Making Your Actions Align to Your Words
“In high performing organizations, everything starts and ends with the customer. This is a radical shift from organizations whose business design puts customers as the end receiver of the chain.” -Ken Blanchard, Leading at a Higher Level
There is great technology out there to help companies become more customer-centric. However, putting customers at the heart of your business has less to do with technology than with people and, unfortunately, many organizations are designed in ways that inhibit rather than promote a customer point of view. For example:
- People don’t receive information to really understand their customers.
- Management, rather than the front line, is responsible for solving problems when things go wrong.
- Production ships bad parts in order to meet their quotas.
- Workflow is designed to meet the needs of functional silos more than the customer.
- Organization members are rewarded for covering up rather than identifying and solving customer problems.
- People over identify with their own function rather than the whole process or customer outcome.
Building a truly customer-centric organization has to do with changing the mindset, attitudes and habits of all members of the organization. Those who try to implement technology without understanding the importance of the social/cultural component do so at the peril of the initiative.
What is this change in mindset? It begins with educating members of your organization in a customer point of view. Who are your customers? What do they need or expect? Why have they come to your business? What are the unique benefits you offer that will make their lives better? How is what you offer different from what your competitors can offer? How does each person contribute, personally, to that mission?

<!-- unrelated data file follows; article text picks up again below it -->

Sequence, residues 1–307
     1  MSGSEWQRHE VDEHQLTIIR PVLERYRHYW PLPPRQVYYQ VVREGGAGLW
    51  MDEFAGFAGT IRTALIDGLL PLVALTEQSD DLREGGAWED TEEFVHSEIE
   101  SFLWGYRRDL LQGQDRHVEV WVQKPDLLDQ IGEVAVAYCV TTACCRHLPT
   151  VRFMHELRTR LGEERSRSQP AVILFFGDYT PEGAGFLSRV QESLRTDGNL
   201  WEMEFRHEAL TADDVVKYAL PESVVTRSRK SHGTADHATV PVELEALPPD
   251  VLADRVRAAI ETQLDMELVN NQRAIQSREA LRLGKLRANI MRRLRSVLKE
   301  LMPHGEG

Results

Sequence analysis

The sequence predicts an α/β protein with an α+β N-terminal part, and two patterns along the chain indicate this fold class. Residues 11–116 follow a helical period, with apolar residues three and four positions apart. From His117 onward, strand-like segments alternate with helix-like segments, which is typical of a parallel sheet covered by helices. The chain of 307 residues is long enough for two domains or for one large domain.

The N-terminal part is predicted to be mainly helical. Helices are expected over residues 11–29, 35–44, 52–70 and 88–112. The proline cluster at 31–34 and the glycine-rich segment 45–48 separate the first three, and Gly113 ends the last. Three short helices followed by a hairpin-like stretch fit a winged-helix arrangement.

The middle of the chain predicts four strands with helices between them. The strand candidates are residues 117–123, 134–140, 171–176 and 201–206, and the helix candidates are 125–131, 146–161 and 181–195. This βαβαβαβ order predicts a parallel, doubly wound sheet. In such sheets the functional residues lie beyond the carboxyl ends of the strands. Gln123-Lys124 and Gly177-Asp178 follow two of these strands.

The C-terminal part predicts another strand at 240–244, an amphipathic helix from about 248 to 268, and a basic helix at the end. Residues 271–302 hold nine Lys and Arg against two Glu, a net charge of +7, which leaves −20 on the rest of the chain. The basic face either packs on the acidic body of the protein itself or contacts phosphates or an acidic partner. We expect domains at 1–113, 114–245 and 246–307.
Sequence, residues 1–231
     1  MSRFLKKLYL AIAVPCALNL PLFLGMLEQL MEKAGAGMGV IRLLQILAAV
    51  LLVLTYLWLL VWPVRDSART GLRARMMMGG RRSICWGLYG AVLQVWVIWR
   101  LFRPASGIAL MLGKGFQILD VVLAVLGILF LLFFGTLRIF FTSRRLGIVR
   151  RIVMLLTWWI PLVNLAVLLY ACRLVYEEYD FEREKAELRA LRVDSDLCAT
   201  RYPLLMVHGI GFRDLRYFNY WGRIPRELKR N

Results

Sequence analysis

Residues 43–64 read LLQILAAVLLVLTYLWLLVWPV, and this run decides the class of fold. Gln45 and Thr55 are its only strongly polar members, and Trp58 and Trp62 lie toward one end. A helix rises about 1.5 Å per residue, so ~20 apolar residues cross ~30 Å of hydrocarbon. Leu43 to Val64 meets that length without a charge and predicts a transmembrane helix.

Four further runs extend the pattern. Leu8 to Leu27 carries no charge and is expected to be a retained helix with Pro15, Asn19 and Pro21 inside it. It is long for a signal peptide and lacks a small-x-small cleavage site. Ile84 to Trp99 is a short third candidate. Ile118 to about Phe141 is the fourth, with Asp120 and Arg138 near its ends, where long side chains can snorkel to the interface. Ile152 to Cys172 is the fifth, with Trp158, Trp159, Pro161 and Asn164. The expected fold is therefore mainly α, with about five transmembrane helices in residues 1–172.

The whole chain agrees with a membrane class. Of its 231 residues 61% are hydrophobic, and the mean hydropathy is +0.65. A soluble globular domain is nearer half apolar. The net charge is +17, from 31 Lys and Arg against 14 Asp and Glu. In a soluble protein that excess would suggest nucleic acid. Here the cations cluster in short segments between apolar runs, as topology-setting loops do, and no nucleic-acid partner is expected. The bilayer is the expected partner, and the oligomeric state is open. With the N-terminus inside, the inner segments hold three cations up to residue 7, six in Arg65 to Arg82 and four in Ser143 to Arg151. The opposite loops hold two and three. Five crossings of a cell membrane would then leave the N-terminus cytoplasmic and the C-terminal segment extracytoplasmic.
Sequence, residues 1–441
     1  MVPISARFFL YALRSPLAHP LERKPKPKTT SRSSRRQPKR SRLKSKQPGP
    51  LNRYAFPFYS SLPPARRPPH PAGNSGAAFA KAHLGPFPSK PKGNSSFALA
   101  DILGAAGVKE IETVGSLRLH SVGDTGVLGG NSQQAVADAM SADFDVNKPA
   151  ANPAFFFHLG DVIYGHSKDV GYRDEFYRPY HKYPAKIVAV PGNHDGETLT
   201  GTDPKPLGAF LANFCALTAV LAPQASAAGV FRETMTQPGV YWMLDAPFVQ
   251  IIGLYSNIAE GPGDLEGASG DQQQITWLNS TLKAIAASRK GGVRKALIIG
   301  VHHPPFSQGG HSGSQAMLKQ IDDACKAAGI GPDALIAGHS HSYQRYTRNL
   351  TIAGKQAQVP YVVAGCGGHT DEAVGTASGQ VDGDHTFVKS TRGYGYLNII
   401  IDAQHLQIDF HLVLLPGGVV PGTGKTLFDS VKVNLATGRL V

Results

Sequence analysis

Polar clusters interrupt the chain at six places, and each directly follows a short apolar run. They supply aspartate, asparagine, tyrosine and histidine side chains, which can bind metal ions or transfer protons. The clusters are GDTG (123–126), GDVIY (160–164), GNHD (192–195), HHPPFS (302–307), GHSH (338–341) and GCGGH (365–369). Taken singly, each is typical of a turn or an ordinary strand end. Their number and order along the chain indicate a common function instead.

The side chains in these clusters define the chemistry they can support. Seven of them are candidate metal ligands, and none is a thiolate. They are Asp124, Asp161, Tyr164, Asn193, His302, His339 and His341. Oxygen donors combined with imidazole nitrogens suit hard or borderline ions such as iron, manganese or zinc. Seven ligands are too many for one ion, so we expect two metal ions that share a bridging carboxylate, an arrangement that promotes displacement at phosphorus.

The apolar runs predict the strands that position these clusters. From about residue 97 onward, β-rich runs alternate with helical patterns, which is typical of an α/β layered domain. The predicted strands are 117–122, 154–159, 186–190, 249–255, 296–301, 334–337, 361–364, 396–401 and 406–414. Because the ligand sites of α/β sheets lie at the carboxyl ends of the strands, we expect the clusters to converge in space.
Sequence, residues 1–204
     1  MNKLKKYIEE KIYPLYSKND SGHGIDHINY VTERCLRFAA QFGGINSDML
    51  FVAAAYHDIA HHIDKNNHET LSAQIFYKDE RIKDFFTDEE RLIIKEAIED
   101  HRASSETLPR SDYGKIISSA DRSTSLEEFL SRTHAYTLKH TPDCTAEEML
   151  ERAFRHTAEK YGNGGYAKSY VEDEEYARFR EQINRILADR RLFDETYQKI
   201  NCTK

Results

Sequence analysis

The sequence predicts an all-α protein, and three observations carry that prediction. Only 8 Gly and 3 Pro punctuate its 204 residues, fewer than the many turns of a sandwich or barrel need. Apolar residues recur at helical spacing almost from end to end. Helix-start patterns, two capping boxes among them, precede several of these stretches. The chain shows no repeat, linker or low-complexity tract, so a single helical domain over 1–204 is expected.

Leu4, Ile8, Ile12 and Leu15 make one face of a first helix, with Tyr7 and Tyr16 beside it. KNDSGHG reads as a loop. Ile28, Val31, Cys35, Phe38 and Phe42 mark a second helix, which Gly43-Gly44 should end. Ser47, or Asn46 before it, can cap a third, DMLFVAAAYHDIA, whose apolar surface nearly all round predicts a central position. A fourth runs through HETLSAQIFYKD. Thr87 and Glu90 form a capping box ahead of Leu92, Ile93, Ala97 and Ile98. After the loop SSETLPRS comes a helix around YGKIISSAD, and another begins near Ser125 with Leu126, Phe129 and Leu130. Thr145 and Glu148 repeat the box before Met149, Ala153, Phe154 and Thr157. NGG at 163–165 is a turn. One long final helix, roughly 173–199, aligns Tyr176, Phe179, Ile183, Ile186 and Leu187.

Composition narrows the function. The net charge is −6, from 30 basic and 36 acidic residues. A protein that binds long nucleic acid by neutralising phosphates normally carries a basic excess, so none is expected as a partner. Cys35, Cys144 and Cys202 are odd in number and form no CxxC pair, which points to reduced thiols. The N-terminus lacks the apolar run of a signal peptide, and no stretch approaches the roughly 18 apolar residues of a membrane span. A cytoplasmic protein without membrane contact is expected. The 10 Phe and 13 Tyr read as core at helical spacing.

We’ve created a methodology to assist you in putting customers at the heart of your business. It involves bringing together a cross section of employees and walking them through a two day process (afternoon, full day, morning) in which they complete eight tasks:
- Document historical and current attitudes towards customers using artifacts, trends, and customer feedback
- Create a mind map of common themes regarding customers
- Map the flow of a customer order to identify and eliminate breakdowns
- Share “prouds” and “sorries” regarding customer performance
- Develop ideal future scenarios
- Confirm a common future
- Plan actions to reach that future
- Form an ongoing customer integration team
This dynamic and highly participative process has a profound impact on employee understanding of your customers. It results in a set of short term actions (up to six months) and long term actions (6 mos. to three years) that the organization will take to improve its customer focus. Groups do detailed planning of these action items including desired outcomes, who will be involved and when the work will be completed. Finally, you’ll create a customer integration team, responsible to integrate all of the various initiatives and drive improved customer focus into the future.
- Upper management
- Up to 30 employees
- Two and a half days (afternoon, full day, morning)